Although the “Cyclopædia” was the grand business of Mr. Chambers’s life, and may be regarded as almost the sole foundation of his fame, his attention was not wholly confined to this undertaking. He was concerned in a periodical publication entitled “The Literary Magazine,” which was begun in 1735, and continued for a few years, containing a review of books on the analytical plan. In this work he wrote a variety of articles, and particularly a review of Morgan’s “Moral Philosopher.” He was engaged likewise, in conjunction with Mr. John Marty n, F. R. S. and professor of botany at Cambridge, in preparing for the press a translation and abridgment of the “Philosophical history and memoirs of the royal academy of sciences at Paris or an abridgment of all the papers relating to natural philosophy which have been published by the members of that illustrious society.” This undertaking, when completed, was comprised in five volumes, 8vo, which did not appear till 1742, some time after our author’s decease, when they were published in the joint names of Mr. Martyn and Mr. Chambers. Mr. Marty n, in a subsequent publication, passed a severe censure upon the share which his fellow-labourer had in the abridgment of the Parisian papers; which, indeed, he appears to have executed in a very slovenly manner, and to have been unacquainted with the French terms in natural history. The only work besides, that we find ascribed to Mr. Chambers, is a translation of the “Jesuit’s Perspective,” from the French; which was printed in 4to, and has gone through several editions. How indefatigable he was in his literary and scientific collections, is manifest from a circumstance which used to be related by Mr. Airey, who was so well known to many persons by the vivacity of his temper and conversation, and his bold avowal of the principles of infidelity. This gentleman, in the very early part of his life, was five years (from 1728 to 1733) amanuensis to Mr. Chambers; and, during that time, copied nearly 20 folio volumes, so large as to comprehend materials, if they had been published, for printing 30 volumes in the same size. Mr. Chambers however acknowledged, that if they were printed, they would neither be sold nor read. His close and unremitting attention to his studies at length impaired his health, and obliged him occasionally to take a lodging at Canonbury-house, Islington. This not having greatly contributed to his recovery, he made an excursion to the south of France, of which he left an account in ms. but did not reap that benefit from the journey which he had himself hoped and his friends wished. Returning to England in the autumn of 1739, he died at Canonbury-house, and was buried at Westminster; where the following inscription, written by himself, is placed on the north side of the cloisters of the abbey:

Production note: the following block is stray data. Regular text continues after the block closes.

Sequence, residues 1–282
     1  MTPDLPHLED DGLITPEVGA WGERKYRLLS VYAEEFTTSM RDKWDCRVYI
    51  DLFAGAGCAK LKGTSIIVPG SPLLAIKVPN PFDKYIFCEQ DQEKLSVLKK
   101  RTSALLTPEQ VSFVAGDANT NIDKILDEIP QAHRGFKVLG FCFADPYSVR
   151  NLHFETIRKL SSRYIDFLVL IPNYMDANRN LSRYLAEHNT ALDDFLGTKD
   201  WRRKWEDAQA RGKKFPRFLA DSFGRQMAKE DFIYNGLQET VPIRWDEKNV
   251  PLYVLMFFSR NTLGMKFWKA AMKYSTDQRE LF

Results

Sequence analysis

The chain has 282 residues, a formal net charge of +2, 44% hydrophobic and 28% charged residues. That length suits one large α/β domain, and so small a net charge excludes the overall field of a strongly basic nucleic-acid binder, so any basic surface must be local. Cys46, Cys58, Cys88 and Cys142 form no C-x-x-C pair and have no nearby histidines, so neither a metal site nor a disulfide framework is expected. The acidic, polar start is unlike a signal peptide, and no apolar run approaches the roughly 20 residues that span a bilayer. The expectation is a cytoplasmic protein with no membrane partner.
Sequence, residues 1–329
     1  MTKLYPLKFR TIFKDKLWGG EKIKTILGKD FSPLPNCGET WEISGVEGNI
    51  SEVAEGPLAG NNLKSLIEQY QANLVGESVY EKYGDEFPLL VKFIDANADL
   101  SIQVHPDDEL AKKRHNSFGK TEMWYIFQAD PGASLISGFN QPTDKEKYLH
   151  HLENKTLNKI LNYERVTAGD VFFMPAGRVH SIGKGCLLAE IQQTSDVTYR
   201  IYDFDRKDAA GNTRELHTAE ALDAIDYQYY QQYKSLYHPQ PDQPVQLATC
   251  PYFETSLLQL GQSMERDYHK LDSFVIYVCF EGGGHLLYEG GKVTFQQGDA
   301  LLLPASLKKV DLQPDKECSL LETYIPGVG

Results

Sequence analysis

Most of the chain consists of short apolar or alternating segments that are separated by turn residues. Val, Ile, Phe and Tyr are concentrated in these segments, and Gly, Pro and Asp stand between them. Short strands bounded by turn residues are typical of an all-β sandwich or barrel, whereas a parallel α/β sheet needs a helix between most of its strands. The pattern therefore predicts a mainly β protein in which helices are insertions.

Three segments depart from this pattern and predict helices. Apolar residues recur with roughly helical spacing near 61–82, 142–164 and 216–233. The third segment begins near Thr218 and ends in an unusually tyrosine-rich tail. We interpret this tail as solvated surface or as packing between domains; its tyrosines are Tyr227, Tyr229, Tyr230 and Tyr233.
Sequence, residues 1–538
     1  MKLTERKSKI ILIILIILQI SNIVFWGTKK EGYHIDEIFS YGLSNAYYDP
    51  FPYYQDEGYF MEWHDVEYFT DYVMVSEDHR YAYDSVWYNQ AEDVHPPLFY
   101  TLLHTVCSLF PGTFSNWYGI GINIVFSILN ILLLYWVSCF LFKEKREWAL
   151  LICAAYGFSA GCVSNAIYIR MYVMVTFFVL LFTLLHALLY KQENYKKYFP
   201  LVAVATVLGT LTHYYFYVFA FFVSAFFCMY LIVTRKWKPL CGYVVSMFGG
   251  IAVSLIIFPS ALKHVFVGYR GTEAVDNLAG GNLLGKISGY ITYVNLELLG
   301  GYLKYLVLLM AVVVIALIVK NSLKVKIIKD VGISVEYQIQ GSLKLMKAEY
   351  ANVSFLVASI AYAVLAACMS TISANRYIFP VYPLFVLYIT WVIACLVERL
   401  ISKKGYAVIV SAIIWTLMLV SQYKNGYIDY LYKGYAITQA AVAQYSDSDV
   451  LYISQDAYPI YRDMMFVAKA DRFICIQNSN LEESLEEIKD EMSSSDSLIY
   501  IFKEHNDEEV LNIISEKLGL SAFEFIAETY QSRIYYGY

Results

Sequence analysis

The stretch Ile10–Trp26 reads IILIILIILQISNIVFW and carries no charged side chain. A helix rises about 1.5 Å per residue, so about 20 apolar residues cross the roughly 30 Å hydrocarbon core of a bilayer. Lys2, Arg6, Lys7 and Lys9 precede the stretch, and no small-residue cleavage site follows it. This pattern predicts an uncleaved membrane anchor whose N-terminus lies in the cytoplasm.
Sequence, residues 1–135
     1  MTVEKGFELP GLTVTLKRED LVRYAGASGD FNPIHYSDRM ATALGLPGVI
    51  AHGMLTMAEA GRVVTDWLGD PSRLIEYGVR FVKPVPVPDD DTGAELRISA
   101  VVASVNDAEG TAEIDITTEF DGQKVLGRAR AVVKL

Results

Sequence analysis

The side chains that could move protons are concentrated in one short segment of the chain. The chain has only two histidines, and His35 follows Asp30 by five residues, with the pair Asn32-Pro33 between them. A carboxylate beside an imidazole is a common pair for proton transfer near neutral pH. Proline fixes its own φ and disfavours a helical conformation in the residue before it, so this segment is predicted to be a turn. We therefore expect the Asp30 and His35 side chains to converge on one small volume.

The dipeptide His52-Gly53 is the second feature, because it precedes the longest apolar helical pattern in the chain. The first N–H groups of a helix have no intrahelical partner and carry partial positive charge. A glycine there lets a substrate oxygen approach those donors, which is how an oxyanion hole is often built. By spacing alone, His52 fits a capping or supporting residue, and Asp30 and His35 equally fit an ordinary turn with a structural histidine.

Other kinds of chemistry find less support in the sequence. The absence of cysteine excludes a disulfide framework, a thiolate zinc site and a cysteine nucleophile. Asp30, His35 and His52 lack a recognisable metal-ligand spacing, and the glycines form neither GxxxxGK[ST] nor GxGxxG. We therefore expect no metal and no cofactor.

professor of botany at Cambridge, was born Sept. 12, 1699, in Queen-street,

, professor of botany at Cambridge, was born Sept. 12, 1699, in Queen-street, London, where his father Thomas was a merchant. His mother, whose maiden name was Catharine Weedon, died Nov. 1, 1700. After being educated at a private school in the neighbourhood, he was taken, at the age of sixteen, into the counting-house of his father; but, without neglecting the duties of this station, he had already so strong a taste for literature, that he constantly devoted much of the night to study, allowing himself, for many years, only four hours for sleep. In the summer of 1718 he first acquired a taste for botany, in consequence of his acquaintance with Mr. Wilmer, an apothecary, who afterwards became demonstrator in the Chelsea-garden, Dr. Patrick Blair, and Dr. William Sherard, under whose instructions his progress was rapid. He soon became desirous of commencing author, and began by translating Tournefort’s History of the plants growing about Paris, from French into English, in 1720. This, however, he did not print till 1732, when the title was “Tournefort’s History of Plants growing about Paris, with their uses in Physic, and a mechanical account of the operation of medicines. Translated into English, with many additions. And accommodated to the plants growing in Great Britain,” 2 vols. 8vo. This year he undertook various botanical excursions, which were chiefly performed on foot, that he might observe plants in their natural situations, as ueU as insects, which had now likewise excited his attention. The leading character of his mind seems to have been a taste for inquiry, which prompted him to examine every thing for himself. His observation of the works of God directed his thoughts to the divine origin of all things, and his perusal of the writings of some of the most famous adversaries of revealed religion, served but to confirm him in its truth. About the year 1721 he became acquainted with the celebrated Dillenius, and in conjunction with him and several others, amongst whom we find the names of Deering, Thomas Dale, and Philip Miller, established a botanical society, which met every Saturday evening, first at the Rainbow coffee-house in Watlingstreet, and afterwards in a private house. Dillenius was president, and Martyn, who was secretary, read before this society a course of lectures, upon the technical terms of the science, the foundation, as it is presumed, of what he afterwards published. These meetings were continued for about five years only.